Individual musicians and bands are reaching out to the public through online gigs
Members of the Oorali band had a packed schedule of performances across the State lined up for them when the COVID-19 outbreak happened. Forced to cancel it all, they have been performing live every night to an audience from across the globe for the past 17 days through their Facebook page.
With concerts cancelled, musicians and bands are reaching out to the public, and even gaining newer audience, through online gigs.
“When the initial controls of movement came in, we began these online concerts of 1.5 hours each. The aim was not to just entertain, but also to engage with an audience. We play all our songs and we play according to the song requests from people. In between, we talk about the prevailing situation, and at times we bust fake news on the virus. It has been a beautiful experience for us. There are people from Gulf countries who tell us that this is something they wait for after remaining cooped up in a room all day,” says Martin, Oorali’s vocalist.
Popular singer Sithara Krishnakumar had to cancel a series of concerts lined up in the U.S. and in South East Asia. With all members of her band Project Malabaricus stuck at their respective homes, they composed Song of Valour, a rousing tribute to the health workers. The music video was stitched together from mobile videos of their respective performances. On Friday night, the Democratic Youth Federation of India (DYFI) hosted her on their official page for a live session. The 81,000 listener comments under the live video is a testament to the effectiveness of the medium.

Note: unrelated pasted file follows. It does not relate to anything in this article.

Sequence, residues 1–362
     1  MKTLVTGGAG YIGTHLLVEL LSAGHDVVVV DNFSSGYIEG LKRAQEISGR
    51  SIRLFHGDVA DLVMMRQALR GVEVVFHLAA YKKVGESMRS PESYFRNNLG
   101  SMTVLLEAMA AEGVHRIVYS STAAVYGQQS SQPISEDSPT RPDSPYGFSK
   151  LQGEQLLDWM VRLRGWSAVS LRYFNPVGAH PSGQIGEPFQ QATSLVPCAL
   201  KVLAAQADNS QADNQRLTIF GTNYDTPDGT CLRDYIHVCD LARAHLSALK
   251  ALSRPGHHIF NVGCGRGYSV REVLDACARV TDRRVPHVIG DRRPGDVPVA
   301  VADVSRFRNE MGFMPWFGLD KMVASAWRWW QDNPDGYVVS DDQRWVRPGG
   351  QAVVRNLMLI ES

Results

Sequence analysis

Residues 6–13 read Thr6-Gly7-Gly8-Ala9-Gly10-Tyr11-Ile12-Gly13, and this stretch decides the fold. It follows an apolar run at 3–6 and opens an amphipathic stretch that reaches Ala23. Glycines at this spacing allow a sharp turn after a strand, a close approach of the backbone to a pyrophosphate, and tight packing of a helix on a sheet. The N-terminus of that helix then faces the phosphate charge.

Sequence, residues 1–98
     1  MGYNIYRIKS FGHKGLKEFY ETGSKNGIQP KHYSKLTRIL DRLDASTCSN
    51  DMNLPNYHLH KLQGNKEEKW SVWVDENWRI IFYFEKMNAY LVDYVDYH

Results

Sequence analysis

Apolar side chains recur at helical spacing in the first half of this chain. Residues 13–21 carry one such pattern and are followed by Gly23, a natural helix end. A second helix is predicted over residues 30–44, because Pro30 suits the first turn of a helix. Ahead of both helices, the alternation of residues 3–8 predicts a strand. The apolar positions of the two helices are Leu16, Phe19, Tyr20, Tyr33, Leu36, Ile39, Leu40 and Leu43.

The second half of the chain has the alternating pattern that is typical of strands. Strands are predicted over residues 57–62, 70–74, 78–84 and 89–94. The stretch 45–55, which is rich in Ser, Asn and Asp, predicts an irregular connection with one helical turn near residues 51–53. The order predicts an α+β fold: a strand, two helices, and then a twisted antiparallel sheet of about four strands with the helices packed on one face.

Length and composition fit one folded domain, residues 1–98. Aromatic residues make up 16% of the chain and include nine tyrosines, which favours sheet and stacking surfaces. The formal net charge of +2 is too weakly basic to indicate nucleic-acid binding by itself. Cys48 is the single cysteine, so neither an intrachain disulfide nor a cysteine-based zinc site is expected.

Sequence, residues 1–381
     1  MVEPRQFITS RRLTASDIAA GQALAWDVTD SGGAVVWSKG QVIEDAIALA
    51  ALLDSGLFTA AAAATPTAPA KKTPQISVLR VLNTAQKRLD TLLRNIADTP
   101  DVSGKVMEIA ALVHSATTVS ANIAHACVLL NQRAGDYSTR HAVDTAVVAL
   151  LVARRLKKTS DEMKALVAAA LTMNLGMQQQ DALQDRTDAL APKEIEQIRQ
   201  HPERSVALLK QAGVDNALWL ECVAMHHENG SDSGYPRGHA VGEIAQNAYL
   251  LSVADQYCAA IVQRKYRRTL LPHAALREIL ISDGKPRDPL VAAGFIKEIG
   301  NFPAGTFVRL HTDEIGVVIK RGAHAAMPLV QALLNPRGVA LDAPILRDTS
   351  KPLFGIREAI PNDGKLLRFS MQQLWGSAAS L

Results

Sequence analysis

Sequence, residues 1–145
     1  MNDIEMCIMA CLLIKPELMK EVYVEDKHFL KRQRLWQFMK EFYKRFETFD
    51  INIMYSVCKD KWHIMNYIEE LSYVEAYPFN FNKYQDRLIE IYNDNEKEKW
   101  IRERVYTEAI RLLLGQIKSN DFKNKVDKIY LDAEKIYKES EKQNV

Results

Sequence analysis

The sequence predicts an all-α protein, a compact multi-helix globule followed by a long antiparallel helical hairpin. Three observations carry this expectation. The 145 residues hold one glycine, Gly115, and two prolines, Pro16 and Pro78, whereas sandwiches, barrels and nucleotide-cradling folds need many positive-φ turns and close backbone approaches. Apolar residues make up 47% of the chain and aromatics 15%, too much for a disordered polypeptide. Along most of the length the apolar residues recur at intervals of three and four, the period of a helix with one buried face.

“Though such programmes are meant to ease the mental stress of the listeners, it equally benefits us artistes too, to interact with people from various places,” says Sithara.
Abhishek Gopurathinkal and his bandmate Sujith, of the Kochi band Mr. Ago, now in self-quarantine, have been composing music all day long and performing on their Instagram page.
“We have been ideating and composing songs for our album during this time. For the online performances, we have been choosing covers of other Indian bands. We see this as an opportunity to build a new audience, as well as to maintain the connect. We also performed as part of the Bengaluru-based open jam session, which feature one band every week, as well as for Chennai-based ‘House of T’ online session,” says Abhishek.
Musician Bijibal and his two children have been performing Malayalam songs of yesteryear, while many upcoming bands have also been doing live sessions. But, for many of the independent musicians, who depend on their music for survival, what lies ahead are uncertain times, as the live circuit might not become active anytime soon.
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